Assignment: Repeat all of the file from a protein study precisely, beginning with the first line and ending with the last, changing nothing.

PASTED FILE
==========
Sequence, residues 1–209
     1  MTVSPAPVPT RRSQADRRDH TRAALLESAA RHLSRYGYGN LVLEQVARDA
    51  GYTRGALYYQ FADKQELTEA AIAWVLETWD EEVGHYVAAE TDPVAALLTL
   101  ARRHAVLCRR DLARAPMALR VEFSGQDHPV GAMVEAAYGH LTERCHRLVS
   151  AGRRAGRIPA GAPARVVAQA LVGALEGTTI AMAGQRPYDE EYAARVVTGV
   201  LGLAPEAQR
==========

Sequence, residues 1–209
     1  MTVSPAPVPT RRSQADRRDH TRAALLESAA RHLSRYGYGN LVLEQVARDA
    51  GYTRGALYYQ FADKQELTEA AIAWVLETWD EEVGHYVAAE TDPVAALLTL
   101  ARRHAVLCRR DLARAPMALR VEFSGQDHPV GAMVEAAYGH LTERCHRLVS
   151  AGRRAGRIPA GAPARVVAQA LVGALEGTTI AMAGQRPYDE EYAARVVTGV
   201  LGLAPEAQR